Q. My publisher prefers that AD come before the year (as in “AD 99”), but would the same rule apply to centuries? That is, should it be “first century AD” or “AD first century”?
A. The abbreviation AD stands for anno Domini, Latin for “in the year of the Lord,” so the order AD 99 is required for proper syntax: “in the year 99” makes sense; “99 in the year” does not. BC, which means “before Christ” (the English-language complement to AD), naturally follows the year: 99 [years] BC. The problem with AD and centuries is that they don’t mix: “in the year of the Lord first century” and “first century in the year of the Lord” both fail the test. Not to worry. English and Latin were never meant to coexist, and “the first century AD” is a perfectly acceptable way of referring to “the first century after the year 1 BC” (there is no year zero). (The alternative, “the AD first century,” doesn’t quite work.) Some writers use CE ([of the] Common Era) and BCE (before the Common Era), both of which follow the year, but the older abbreviations have persisted and are more likely to be understood by readers. See CMOS 9.34 for some additional considerations.
Q. Does Chicago prefer “COVID-19” or “Covid-19”?
Q. Isn’t it redundant to have an “MBA in business administration”? I thought it was a mistake at first, but a lot of people use this—and perhaps it really is the degree name—but it just seems weird . . . “master of business administration in business administration”?
A. Having an MBA in business administration does sound a little like using a PIN number at an ATM machine to get money to repair your broken LCD display so you can read about RAS syndrome on Wikipedia over a cup of chai tea. But if your colleague has an MBA in marketing or finance, you may want to make your own concentration in business administration explicit. It’s probably best, therefore, to ask before editing out the apparent redundancy.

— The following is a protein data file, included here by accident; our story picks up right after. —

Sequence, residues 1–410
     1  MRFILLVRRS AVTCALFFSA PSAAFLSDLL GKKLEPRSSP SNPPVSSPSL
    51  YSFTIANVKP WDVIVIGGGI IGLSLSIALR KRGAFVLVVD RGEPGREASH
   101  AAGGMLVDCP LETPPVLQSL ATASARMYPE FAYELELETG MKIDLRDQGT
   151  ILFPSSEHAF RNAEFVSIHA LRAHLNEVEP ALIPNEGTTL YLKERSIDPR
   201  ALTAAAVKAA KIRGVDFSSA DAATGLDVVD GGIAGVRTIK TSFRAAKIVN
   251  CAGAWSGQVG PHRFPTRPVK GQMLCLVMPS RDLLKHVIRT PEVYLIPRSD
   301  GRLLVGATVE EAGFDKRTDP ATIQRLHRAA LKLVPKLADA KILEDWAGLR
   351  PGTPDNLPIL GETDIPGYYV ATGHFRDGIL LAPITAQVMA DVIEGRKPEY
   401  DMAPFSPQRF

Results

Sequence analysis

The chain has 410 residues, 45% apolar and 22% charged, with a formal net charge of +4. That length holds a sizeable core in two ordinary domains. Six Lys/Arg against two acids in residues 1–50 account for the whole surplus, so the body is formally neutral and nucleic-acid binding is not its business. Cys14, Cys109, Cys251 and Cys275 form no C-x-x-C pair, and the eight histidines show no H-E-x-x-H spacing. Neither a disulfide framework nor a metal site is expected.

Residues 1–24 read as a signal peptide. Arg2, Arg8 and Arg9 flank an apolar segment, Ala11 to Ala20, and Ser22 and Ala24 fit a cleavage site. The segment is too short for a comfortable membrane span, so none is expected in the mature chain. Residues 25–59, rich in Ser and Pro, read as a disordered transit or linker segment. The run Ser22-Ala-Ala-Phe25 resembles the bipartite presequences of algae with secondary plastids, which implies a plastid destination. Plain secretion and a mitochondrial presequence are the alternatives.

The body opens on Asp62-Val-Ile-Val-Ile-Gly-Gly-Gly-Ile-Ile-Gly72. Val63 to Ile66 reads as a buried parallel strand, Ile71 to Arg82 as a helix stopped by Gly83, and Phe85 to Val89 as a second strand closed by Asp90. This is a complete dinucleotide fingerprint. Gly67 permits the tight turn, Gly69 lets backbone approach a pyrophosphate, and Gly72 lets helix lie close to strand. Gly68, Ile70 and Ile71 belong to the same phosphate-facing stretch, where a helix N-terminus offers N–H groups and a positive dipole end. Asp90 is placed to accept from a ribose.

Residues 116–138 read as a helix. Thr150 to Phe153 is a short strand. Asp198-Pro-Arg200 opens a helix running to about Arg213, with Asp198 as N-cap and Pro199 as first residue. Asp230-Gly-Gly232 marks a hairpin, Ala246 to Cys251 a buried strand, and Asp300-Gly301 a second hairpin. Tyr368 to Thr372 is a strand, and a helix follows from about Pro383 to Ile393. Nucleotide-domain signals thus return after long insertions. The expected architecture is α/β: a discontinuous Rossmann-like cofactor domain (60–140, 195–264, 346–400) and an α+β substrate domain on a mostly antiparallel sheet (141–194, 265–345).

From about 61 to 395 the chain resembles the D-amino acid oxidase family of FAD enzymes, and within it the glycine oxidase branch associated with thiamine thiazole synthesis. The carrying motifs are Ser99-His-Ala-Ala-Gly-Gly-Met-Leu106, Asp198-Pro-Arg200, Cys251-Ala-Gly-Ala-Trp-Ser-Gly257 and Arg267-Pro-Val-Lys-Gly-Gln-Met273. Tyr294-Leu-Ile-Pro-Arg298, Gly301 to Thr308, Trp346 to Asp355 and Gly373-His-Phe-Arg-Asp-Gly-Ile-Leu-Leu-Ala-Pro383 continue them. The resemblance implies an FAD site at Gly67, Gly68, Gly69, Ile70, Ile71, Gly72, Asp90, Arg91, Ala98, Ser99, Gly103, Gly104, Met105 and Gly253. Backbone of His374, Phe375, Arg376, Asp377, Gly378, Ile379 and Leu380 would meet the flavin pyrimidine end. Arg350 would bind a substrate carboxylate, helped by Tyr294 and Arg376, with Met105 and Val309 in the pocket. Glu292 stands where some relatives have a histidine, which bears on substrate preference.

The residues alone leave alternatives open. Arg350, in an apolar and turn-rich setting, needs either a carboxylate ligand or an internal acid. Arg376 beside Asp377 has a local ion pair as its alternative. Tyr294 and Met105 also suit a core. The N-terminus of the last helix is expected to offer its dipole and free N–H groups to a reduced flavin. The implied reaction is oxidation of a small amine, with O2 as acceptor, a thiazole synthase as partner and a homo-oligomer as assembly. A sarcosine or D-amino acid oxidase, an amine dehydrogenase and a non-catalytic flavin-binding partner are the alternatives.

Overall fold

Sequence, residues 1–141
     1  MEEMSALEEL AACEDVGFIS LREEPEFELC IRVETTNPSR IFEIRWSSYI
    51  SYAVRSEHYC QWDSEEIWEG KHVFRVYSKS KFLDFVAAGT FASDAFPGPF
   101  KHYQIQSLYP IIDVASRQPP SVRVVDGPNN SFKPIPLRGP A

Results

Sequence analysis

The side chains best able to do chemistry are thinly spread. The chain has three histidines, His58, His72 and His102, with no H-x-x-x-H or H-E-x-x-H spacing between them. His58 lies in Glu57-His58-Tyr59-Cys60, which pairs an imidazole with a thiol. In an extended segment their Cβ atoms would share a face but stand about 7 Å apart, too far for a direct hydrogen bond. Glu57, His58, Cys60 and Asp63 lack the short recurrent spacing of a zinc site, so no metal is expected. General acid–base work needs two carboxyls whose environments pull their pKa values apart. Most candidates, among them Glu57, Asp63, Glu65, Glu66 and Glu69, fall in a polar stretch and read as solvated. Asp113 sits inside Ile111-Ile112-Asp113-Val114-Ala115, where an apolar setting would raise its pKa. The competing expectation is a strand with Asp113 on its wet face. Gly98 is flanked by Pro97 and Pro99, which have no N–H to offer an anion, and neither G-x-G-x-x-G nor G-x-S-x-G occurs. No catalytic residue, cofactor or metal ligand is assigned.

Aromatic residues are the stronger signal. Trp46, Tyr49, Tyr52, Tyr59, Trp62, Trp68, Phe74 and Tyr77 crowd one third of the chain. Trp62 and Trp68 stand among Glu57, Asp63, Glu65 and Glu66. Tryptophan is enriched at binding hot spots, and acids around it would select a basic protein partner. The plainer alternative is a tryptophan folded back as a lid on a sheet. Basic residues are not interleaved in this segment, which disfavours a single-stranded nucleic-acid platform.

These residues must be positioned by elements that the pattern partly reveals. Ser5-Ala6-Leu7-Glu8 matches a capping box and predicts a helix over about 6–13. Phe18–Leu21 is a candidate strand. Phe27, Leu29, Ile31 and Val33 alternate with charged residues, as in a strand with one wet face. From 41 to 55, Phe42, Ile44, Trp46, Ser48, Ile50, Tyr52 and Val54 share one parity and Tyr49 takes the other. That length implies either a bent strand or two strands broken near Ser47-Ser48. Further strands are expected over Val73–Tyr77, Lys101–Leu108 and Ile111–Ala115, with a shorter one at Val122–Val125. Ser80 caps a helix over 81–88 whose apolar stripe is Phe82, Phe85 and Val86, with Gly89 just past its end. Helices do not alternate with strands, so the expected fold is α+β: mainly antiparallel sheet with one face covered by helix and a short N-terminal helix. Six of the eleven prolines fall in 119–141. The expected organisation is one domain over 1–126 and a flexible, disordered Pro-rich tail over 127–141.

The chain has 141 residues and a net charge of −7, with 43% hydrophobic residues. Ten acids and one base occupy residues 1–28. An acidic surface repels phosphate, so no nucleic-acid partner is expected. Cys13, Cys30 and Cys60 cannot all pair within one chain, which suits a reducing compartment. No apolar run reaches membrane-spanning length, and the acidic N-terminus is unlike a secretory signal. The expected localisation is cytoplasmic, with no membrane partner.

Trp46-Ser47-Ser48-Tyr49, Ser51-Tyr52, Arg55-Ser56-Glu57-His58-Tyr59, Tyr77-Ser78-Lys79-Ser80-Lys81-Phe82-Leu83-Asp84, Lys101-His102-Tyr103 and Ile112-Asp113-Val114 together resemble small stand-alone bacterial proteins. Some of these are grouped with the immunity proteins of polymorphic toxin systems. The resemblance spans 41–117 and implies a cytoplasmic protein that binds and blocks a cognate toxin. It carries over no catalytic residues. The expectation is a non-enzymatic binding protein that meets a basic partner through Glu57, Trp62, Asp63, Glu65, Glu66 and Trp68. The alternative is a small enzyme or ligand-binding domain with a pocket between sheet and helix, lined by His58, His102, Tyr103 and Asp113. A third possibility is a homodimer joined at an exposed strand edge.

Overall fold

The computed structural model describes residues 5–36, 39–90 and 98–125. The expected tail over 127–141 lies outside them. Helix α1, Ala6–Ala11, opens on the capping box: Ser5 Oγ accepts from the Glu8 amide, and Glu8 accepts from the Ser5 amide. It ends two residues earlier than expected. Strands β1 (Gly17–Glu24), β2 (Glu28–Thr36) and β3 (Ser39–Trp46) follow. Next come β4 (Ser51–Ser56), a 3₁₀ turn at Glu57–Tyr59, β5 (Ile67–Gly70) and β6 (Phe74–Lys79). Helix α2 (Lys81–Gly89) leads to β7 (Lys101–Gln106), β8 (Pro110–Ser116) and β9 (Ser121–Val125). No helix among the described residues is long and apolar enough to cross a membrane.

Q. Once and for all: to abbreviate “postscript” at the end of correspondence, is it best to write PS or P.S.? The glossary in CMOS advises no periods, but several examples in the Q&A use them, like this one. Help!
A. Chicago style for the abbreviation of “postscript” can be deduced from our recommendations for using periods with abbreviations (CMOS 10.4), which can be summarized as follows: (a) use periods for an abbreviation that consists of lowercase letters or that ends in a lowercase letter, such as p. or pp., a.m. or p.m., and Dr.; (b) use a period for an initial standing in for a name, as in E. B. White; but (c) omit periods from abbreviations that include two or more capital letters, such as US, PhD, and CEO.
So we would advise writing “PS,” no periods. (The lowercase alternative, “p.s.,” doesn’t seem to be supported by tradition. And the glossary entry you refer to is for the abbreviation of PostScript, the specialized programming language from Adobe—so that doesn’t count.)
As for our own use of “P.S.”—with periods—guilty as charged. As the Q&A has developed over the last twenty-plus years, Chicago style has evolved. Until 2003, we would have advised periods, but then we dropped them—first from academic degrees and most other abbreviations with capital letters (in the 15th ed.), and then also from “U.S.” (in the 16th ed.).
Another consideration: Postscripts are a little old-fashioned (you can usually go back and edit the body of your letter or email or whatever), and so are periods.
But that’s all in the past. Thanks to your query and others like it, we hereby announce “PS”—no periods—as our preference for “postscript.”
PS: You can follow “PS” with either a colon or a period. With our updated preference, the colon is best, but if you prefer “P.S.” you can leave it out.
Q. I hate defining acronyms in the first paragraph of a paper because they impede flow. Therefore, is it acceptable to repeat the whole phrase, in this case, greenhouse gases, in the second use, and then define it there as (GHG)?